~ Kelly Clarkston, Stronger
There has long been a debate among psychologists, scientists, and theologians regarding the familiar saying: “What doesn’t kill you makes you stronger.”
This phrase was originally credited to the German philosopher Friedrich Nietzsche in his autobiography, Ecce Homo: How One Becomes What One Is. Although he was sick and dying, suffering from the effects of terminal syphilis, he was still able to philosophize and write about his “triumph” over debilitating pain and agony. His disease devastated not only his body, but his mind, yet until his dying day, he remained strong in his will to survive.
Some psychologists disagree, and attribute triumph in adversity to those who are already the strongest. They hold that there is nothing to be gained in suffering through “the crippling experiences of life.”
Other scientists have concluded that “although traumatic experiences such as losing a loved one can be psychologically damaging, small amounts of trauma can make us more resilient,” and that even in the face of death, the will to survive can become strengthened. That is why people can live for years with chronic pain and life threatening disease.
“What does not kill you makes you stronger,” though often relegated to a worn cliché, is very inspirational and true to my own life. Years ago, I was diagnosed with stage IV bilateral lung adenocarcinoma. My doctor said that my cancer was too invasive to be removed by surgery, too extensive to be treated with radiation, and that there was no proven chemotherapy protocol. It was terminal. No cure. The devastation and terror I experienced is hard to articulate.
I had never thought of myself as a particularly strong person. In fact, I often “gave up” on things I found too tough. So when my oncologist told me that he would try an experimental procedure and that if I survived the therapy, I had a “fighting chance”, the concept of gaining strength through suffering became a daily challenge.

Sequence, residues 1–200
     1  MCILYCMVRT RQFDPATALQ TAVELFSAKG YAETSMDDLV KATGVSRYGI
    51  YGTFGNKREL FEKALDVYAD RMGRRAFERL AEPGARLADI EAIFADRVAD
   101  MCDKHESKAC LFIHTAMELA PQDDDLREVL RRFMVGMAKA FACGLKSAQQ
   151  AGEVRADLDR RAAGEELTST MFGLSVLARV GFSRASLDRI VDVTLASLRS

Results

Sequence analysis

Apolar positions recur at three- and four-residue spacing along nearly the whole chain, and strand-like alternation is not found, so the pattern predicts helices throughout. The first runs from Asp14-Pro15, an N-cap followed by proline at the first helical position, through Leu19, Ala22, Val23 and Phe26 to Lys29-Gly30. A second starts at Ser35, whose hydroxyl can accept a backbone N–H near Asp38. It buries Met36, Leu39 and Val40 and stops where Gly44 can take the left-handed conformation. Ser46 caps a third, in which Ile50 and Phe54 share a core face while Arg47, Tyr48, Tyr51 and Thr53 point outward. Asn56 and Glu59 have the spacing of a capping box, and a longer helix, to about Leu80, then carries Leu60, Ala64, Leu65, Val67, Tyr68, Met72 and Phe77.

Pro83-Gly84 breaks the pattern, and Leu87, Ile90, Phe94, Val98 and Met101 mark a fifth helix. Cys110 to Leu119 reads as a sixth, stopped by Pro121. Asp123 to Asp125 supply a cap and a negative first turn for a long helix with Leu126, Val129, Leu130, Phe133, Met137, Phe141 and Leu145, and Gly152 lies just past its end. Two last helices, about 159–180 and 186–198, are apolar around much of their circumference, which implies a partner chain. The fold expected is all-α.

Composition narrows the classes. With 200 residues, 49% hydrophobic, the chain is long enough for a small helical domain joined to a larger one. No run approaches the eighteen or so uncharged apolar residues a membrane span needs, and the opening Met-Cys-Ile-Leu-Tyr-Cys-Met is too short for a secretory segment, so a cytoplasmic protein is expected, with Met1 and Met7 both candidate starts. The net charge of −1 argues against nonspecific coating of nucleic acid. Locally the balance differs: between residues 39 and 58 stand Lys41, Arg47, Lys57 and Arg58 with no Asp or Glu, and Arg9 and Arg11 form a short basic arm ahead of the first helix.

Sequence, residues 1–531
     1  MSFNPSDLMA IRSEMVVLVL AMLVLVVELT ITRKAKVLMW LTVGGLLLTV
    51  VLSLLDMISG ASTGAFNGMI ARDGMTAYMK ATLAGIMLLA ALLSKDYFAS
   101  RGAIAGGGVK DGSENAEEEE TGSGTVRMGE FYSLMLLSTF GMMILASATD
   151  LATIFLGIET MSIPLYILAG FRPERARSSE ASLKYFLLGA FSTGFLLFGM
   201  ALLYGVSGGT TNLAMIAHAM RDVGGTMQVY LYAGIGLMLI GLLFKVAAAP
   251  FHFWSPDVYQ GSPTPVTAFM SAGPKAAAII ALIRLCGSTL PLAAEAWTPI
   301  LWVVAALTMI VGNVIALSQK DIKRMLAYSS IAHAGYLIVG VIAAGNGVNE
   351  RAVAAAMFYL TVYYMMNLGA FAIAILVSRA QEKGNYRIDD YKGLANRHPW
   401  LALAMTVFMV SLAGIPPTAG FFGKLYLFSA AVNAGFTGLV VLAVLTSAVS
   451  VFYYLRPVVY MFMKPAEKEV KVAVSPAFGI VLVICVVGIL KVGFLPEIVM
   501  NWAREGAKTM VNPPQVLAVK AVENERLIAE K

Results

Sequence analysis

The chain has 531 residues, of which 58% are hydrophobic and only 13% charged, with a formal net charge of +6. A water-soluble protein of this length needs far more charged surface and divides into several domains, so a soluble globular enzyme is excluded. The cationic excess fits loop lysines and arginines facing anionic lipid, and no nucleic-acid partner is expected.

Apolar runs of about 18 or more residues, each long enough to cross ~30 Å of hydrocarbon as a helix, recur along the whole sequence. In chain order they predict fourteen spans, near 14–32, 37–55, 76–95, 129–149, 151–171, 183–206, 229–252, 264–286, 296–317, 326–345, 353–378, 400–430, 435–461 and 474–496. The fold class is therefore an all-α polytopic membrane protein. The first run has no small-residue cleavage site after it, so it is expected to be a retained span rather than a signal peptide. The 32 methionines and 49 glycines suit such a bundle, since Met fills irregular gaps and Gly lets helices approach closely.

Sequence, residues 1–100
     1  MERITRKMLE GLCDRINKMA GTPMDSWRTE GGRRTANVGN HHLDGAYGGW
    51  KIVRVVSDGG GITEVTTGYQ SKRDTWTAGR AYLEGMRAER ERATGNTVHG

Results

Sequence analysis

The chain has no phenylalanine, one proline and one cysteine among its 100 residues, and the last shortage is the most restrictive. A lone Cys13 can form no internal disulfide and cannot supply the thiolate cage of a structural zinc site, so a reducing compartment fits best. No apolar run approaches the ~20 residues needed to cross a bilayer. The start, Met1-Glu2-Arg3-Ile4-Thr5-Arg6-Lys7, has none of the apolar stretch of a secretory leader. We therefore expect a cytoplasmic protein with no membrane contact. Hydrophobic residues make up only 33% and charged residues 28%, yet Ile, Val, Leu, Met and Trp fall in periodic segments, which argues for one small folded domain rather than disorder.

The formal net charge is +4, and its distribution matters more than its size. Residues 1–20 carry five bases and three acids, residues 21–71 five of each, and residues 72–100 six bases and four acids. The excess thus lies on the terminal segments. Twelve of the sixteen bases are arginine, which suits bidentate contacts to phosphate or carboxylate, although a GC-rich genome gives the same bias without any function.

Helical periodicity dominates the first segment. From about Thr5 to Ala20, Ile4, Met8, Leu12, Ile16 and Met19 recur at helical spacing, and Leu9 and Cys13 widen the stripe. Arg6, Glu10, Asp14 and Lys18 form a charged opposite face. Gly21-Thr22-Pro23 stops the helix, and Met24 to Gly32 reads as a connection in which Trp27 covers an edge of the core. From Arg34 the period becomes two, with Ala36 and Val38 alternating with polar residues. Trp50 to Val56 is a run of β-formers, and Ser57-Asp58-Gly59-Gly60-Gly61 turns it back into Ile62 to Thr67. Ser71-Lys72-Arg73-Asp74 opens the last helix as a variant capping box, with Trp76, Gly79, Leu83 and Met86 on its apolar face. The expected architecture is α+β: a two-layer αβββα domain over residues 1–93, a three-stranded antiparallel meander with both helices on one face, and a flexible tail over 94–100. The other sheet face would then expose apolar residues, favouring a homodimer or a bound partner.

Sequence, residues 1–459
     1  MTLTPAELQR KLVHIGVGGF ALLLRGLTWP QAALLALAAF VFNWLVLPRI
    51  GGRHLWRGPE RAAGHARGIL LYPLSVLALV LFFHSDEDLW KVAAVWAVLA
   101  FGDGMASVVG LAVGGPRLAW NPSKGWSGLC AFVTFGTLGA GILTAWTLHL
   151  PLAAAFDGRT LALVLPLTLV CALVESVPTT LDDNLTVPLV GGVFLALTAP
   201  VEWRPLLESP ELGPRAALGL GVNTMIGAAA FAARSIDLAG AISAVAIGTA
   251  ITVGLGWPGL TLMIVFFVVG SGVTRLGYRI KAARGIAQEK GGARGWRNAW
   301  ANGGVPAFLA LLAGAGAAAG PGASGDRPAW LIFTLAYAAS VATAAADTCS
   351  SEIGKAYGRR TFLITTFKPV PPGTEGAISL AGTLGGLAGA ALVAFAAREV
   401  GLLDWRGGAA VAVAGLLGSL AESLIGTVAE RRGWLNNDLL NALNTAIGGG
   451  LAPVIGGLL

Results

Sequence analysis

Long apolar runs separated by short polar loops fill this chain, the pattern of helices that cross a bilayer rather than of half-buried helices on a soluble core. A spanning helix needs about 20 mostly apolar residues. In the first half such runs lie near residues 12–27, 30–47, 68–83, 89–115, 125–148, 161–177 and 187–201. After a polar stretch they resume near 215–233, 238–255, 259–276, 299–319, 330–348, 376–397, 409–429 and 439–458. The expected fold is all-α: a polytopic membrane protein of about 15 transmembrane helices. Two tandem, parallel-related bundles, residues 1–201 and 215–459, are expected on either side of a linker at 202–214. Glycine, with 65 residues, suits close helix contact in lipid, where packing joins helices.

How could I possibly find strength while hooked up to IVs filled with chemotherapy month after month for almost eight years, crawling on my hands and knees to the bathroom night after night, watching my hair fall out strand by strand? The debilitating fatigue, painful neuropathy, and numbing “chemo brain”, was anything but strength producing. And yet, I survived. Was it because I was so strong? I doubt that.
I fought – to be thankful, to stay positive, to chase hope, to understand and support the many who were suffering similar and worse fates than me. For me, I know that fight and that adversity made me stronger. Through the suffering, through the faith I found.
In Romans, Paul says, “And not only that, but let us exult while in tribulations, since we know that tribulation produces endurance.”
If you can force your heart and nerve and sinew
To serve your turn long after they are gone,
And so hold on when there is nothing in you
Except the Will which says to them: “Hold on!”
~ Rudyard Kipling, If
What do you face today? No matter if the issue is physical, emotional, spiritual, relational, or financial. Whether it is small in the light of things or monumentally overwhelming for you personally, though you may feel it may kill you, can you let it make you stronger?Read More
“My soul is full of longing
For the secret of the sea,
And the heart of the great ocean
Sends a thrilling pulse through me.”
~ Henry Wadsworth Longfellow
I love the ocean. Its power draws me in. The refreshing and invigorating salty scent filling the air, cleanses my soul. The rhythm of the waves flowing in and out again in ageless, timeless serenity calms my spirit. For me, it is a place of healing, centering, and renewal.
I am out of my comfort zone. All of my piles, scraps, and journals have been left at home. My iPhone and iPad are safe from the sun, salt, and sand. It’s hard to write with the wind blowing in my face. It’s even difficult to read. Forced relaxation. Time to wonder. To ponder. To appreciate God’s creation. I am quiet with my thoughts.
Watching children make castles, dig holes, chase gulls. Older kids playing football, soccer, paddleball. Listening to the sounds of running, splashing, laughing. A dog racing into the foamy water to retrieve a stick. A boy and his mother flying a kite. Boogie boards, babies, and bottle nosed-dolphins.
Walking along the sand, I see creatures diving for cover to hide from the sandpiper’s long bills. With the foamy waves swirling around my ankles, I watch a huge flock of seagulls skimming the water, changing direction in perfect unison. Suddenly the pelicans arrive, dipping and diving for food. I pick up a conch, turn it over, see that there is life dwelling within, and toss it back into the outgoing tide.
With the smell of suntan lotion, sea salt, and sweat, I realize I have been writing all the while.
“The sea does not reward those who are too anxious, too greedy, or too impatient. One should lie empty, open, choiceless as a beach–waiting for a gift from the sea.”
~ Anne Morrow Lindbergh